It has been a while since I worked with SQL Server 2000. However, as an independent consultant, SQL Server never stops to surprise us. Recently, during one Comprehensive Database Performance Health Check, I found a very interesting situation which is about compatibility level 80. If you are not familiar with compatibility level, it sets database behaviors to be compatible with the specified version of SQL Server.
Here is a quick reference for various versions of SQL Server with their compatibility level.
|SQL Server 2000||80|
|SQL Server 2005||90|
|SQL Server 2008/R2||100|
|SQL Server 2012||110|
|SQL Server 2014||120|
|SQL Server 2016||130|
|SQL Server 2017||140|
Every compatibility level has some features which behaves differently with different version of SQL Server.
Quick Story – Performance Issue
For example, my customers were suddenly getting lots of deadlocks and they faced quite a few performance issues after they upgrade from SQL Server 2000 to SQL Server 20016. They had nightmares and their results were inconsistent and performance was unpredictable. To be super honest, I put lots of efforts, but again, the performance improvement was very little as they were facing some strange issue which none of us were able to understand.
Most of the time, I am able to help my customer without going into the nitty gritty of the coding. I am just able to help them with my standard performance tuning techniques. However, this was a special case. After a while, I requested them to show me the code of the SP which is performing very poorly.
Once I started to look at the code, I suddenly figured out what is going wrong with the code.
Discovery – Table Hints
I quickly discovered that my customers were using old style hints which were valid in SQL Server 2000. Here is the example of the code.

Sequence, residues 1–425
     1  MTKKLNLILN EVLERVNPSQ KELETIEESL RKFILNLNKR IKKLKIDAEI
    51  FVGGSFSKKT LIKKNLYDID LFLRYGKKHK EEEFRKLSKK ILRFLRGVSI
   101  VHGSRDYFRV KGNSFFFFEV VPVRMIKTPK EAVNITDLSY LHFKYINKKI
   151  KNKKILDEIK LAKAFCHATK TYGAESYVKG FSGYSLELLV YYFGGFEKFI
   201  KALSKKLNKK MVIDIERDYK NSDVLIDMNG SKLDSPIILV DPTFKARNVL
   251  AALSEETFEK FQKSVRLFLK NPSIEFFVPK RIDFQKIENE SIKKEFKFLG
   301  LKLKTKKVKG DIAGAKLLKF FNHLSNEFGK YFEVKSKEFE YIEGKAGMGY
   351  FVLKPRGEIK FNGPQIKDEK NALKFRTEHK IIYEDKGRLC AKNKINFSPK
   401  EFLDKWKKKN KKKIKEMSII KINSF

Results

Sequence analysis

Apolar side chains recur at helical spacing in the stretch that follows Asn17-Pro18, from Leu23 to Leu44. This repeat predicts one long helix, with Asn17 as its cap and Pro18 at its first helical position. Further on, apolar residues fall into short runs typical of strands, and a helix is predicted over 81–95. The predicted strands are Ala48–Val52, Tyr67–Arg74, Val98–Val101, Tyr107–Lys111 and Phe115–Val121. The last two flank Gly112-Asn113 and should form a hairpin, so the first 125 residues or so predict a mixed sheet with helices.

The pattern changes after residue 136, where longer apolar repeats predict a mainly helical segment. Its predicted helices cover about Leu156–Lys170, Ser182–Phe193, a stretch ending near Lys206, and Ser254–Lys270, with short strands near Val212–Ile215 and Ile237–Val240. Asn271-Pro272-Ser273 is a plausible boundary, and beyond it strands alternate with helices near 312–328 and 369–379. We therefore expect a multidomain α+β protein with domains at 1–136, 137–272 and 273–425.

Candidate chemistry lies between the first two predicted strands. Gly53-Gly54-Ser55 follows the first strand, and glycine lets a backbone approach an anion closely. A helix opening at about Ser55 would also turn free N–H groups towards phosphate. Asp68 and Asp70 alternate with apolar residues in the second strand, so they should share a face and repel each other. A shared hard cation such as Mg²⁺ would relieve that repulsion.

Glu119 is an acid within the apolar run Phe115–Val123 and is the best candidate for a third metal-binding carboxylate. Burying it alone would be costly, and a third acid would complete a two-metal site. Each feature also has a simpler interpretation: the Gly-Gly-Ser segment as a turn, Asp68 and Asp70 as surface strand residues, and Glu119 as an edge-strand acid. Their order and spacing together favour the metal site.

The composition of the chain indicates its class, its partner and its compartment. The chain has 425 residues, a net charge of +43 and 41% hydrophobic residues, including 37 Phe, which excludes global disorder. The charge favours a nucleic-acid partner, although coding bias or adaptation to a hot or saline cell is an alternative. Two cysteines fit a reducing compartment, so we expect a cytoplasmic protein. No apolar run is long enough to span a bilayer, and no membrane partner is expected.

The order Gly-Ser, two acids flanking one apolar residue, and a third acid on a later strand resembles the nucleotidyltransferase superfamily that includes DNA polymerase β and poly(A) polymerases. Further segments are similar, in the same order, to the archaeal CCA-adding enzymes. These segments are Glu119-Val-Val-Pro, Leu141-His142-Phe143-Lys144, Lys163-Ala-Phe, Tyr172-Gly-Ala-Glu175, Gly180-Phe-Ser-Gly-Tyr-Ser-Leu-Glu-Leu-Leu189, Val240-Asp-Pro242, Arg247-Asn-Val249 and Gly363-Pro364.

SELECT * FROM [HumanResources].[Employee] NOLOCK;
This was perfectly fine in SQL Server 2000. The hint nolock was applied to the table just fine and the table was doing a dirty read by applying nolock on it. When you try to run the same code in SQL Server 2016, it also runs fine and there are no errors. However, in SQL Server 2016, the hint NOLOCK becomes an actually an alias for the table [Human Resources]. [Employee].
Let me repeat, the query hint syntax which was valid in SQL Server 2000, becomes a valid alias for the table in later versions of the SQL Server and it does not give any error. The matter of fact, there are no locks applied to the original table.
Now, I am not a big fan of locks and particular I hate to write NOLOCKS for my tables. However, I was in a situation where I can give my customer any philosophical knowledge, they just wanted their system back into action as soon as possible as the end clients were struggling to do anything on the system.
I suggested them a new syntax which is valid for SQL Server 2005 and the later version for implementing table locks. Here is the script.
SELECT * FROM [HumanResources].[Employee] WITH(NOLOCK);
Well, that’s it. My customer immediately started to modify all the places where they had used query hints and it took around one hour for them to go through entire codebase and make necessary changes. After all the changes were completed, when we checked our system’s performance, we realized it is running much faster due to better hardware and all the other optimization logic which we had deployed early in the day.
Trust me, SQL Server never stops to teach me new things!
Reference: Pinal Dave (https://blog.sqlauthority.com)